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Why It's Best to Report Symptoms of Depression Near Birth

There’s help for women who have mood symptoms before or after a birth.

Key points

  • Depression related to pregnancy is underreported.
  • Various forms of medication and therapy are recommended to mothers with postpartum depression.
  • Studies show that as many as a quarter of mothers struggle with their mood three years after delivery.
Andrae Ricketts/Unsplash
Source: Andrae Ricketts/Unsplash

If you’re feeling depressed during your pregnancy or after birth, don’t keep it a secret.

Yes, having a child should bring joy. But it is also a big challenge to your body, self-confidence and relationships. It’s common to get the "baby blues" for about two weeks. After that, you’ll be sleep-deprived, and may worry about your baby, struggle with breastfeeding, feel that you’re not getting enough help (or the right kind of help) and sometimes wonder if you can handle this huge challenge.

Depression is more severe. But women often don’t recognize quickly that it’s happening. Be your own best friend: Ask for help if you’ve fallen into a mood that isn’t like your usual state for more than two weeks at a stretch.

What help is available?

The U.S. Preventive Services Task Force (USPSTF), a panel of experts, recommends therapy for new mothers who become depressed—either cognitive behavioral therapy (CBT) that focuses on changing thought patterns, or therapy that delves into how you are relating to others. The Food and Drug Administration (FDA) has also approved a medication specifically for postpartum depression. It must be injected while you are under medical supervision.

Your ob-gynecologist or a nurse or medical provider in that office probably will ask you if you are experiencing depression symptoms like feeling numb when with your baby. An earlier USPSF report suggested that doctors screen new mothers for depression because it is so common and undertreated. Up to one in seven women develop symptoms during pregnancy or during the first year after delivery but up to half of those women may hide their feelings.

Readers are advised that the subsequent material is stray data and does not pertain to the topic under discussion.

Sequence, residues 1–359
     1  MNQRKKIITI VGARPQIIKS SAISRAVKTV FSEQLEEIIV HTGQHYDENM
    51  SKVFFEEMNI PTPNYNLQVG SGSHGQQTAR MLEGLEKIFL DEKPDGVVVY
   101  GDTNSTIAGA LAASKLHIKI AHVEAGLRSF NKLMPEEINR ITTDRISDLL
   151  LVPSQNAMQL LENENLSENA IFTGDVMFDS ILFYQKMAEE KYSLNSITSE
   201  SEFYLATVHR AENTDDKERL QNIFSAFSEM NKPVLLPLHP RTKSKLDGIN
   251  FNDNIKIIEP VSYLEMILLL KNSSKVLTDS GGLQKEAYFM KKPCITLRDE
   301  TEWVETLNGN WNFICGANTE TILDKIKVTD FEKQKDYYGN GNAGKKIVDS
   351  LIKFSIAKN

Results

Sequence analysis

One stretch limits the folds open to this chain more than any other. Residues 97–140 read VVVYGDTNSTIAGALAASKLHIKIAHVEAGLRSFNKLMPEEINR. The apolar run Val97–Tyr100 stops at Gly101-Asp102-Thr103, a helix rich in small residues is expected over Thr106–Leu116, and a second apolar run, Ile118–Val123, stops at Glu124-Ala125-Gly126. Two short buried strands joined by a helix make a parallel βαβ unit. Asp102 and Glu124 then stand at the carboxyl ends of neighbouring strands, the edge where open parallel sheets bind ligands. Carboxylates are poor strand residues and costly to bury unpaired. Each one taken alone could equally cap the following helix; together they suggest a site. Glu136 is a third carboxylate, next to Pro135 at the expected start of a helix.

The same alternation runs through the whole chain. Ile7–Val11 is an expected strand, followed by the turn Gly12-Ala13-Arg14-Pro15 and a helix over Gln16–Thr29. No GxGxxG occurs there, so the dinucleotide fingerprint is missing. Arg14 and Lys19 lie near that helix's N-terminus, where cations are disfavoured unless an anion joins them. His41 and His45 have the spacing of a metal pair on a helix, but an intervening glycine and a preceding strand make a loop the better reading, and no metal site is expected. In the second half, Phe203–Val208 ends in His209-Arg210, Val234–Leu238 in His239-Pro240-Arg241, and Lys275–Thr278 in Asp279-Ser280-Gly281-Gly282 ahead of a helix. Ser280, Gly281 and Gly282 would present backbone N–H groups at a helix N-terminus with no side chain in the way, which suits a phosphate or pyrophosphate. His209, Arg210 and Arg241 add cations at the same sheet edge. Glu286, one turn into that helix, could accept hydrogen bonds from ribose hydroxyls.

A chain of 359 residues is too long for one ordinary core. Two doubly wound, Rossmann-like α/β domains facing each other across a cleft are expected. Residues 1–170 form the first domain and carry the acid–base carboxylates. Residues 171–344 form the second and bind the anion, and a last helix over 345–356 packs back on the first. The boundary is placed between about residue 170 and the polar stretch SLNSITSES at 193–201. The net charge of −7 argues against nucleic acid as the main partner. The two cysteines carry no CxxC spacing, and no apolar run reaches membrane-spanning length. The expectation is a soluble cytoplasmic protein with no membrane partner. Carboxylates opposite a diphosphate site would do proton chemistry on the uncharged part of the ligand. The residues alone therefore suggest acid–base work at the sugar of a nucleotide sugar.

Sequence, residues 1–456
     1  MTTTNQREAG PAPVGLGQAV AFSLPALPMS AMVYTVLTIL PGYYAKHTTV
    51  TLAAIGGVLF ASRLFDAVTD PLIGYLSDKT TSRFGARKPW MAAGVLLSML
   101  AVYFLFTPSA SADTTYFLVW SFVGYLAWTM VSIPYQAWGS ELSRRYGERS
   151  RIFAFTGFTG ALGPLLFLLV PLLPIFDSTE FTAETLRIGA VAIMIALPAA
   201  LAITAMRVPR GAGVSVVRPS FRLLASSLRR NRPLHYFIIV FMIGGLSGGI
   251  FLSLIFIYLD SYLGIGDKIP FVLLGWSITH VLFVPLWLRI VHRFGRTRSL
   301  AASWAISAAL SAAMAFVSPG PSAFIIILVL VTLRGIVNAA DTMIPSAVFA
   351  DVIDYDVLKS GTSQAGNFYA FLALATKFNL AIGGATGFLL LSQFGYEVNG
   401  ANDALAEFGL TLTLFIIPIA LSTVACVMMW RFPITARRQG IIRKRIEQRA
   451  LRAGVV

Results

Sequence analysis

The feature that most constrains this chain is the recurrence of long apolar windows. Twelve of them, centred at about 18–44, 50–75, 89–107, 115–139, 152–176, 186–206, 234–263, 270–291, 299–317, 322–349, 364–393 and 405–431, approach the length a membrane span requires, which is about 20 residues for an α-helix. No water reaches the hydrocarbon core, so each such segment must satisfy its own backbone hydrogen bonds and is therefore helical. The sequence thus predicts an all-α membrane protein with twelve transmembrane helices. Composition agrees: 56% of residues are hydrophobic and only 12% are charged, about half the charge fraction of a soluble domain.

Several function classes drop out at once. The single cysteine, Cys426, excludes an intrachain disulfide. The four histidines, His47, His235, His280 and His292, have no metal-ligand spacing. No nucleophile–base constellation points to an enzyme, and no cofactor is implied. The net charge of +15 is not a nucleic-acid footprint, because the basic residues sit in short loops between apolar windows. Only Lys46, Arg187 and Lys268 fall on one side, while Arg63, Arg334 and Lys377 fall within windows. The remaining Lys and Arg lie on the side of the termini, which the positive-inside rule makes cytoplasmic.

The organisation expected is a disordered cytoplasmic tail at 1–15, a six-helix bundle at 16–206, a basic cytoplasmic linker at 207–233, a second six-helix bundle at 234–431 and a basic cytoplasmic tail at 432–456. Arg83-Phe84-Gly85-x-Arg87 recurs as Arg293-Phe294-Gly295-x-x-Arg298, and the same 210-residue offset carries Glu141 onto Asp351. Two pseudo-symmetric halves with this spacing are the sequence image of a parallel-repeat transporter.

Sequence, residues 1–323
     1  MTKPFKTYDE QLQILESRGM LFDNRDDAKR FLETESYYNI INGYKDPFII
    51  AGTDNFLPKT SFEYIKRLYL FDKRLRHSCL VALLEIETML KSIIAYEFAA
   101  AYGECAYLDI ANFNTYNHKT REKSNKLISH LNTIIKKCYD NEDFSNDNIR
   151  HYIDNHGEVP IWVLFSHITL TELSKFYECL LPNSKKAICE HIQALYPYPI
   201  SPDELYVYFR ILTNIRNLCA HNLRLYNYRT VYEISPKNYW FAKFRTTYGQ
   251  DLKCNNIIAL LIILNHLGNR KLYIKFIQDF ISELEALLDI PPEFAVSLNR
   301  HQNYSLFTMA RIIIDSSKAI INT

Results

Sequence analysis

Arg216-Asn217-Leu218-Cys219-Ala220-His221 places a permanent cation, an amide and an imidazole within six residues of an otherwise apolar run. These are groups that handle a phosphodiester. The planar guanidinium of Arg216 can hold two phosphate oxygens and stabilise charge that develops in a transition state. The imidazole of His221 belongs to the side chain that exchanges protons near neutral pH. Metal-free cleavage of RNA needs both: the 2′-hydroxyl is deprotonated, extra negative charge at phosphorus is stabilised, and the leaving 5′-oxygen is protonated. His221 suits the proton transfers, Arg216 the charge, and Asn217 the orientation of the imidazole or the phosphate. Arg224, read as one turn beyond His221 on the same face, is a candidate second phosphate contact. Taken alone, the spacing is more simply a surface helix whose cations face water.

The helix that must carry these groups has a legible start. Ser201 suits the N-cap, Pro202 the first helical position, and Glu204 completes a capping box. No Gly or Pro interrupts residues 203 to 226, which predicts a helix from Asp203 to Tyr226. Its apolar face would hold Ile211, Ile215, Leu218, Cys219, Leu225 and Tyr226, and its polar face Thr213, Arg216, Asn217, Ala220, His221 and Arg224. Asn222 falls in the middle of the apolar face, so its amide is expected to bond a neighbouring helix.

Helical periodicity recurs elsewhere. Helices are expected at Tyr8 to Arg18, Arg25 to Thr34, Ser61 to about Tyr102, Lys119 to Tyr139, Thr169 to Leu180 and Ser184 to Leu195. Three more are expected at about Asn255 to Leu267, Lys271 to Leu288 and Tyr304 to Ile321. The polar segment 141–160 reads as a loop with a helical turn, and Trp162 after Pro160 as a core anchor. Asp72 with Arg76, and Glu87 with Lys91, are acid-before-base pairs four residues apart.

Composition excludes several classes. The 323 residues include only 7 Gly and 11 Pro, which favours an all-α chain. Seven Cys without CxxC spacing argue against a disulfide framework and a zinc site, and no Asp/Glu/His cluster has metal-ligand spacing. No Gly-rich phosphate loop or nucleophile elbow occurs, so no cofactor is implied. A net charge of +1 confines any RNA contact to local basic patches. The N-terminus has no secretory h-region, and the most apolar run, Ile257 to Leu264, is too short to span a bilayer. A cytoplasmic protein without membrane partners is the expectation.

Is it just “baby blues”?

Sergiu Valena/ Unsplash
Source: Sergiu Valena/ Unsplash

Around three to five days after birth, hormonal changes can set in that cause crying, anxiety, irritability and restlessness or a feeling of being overwhelmed. That feeling, called baby blues, hits up to 80 percent of mothers. It might last for a few hours a day and fade within about two weeks.1

What are the symptoms of depression?

If your baby blues last longer than two weeks, talk to your doctor. Don’t wait for the next checkup.

Depression, called postpartum depression, can set in up to a month after delivery and last for years. Although it was thought to end after a year, new evidence based on almost 5,000 mothers found that as many as a quarter of mothers struggled with their mood three years after delivery.

Does any of this sound like you (or a loved one)?

  • You cry often, feeling hopeless, sad, worthless, or alone in life.
  • You question whether you made the right choice to have the baby and think you’re not doing a good job.
  • You don’t feel close to your baby.
  • You lose your appetite.
  • You have panic attacks with heavy breathing.
  • You’re angry and ready for a fight.

Risk factors for postpartum depression

If you have bipolar disorder, depression or anxiety, your risk of mood changes after birth rise by about a third. If you had depression symptoms after a previous birth, it’s also likely to happen again. Family history of postpartum depression counts, too.

Your baby needs you to speak up. Your depression affects your family. Evidence suggests, for example, that a mother’s depression interferes with breastfeeding and makes her less likely to notice and respond to a happy baby face.

Studies have also found that depression during pregnancy can increase the risk of problems during delivery, and lead to low birth weights and premature babies.

A version of this story appears at Your Care Everywhere.



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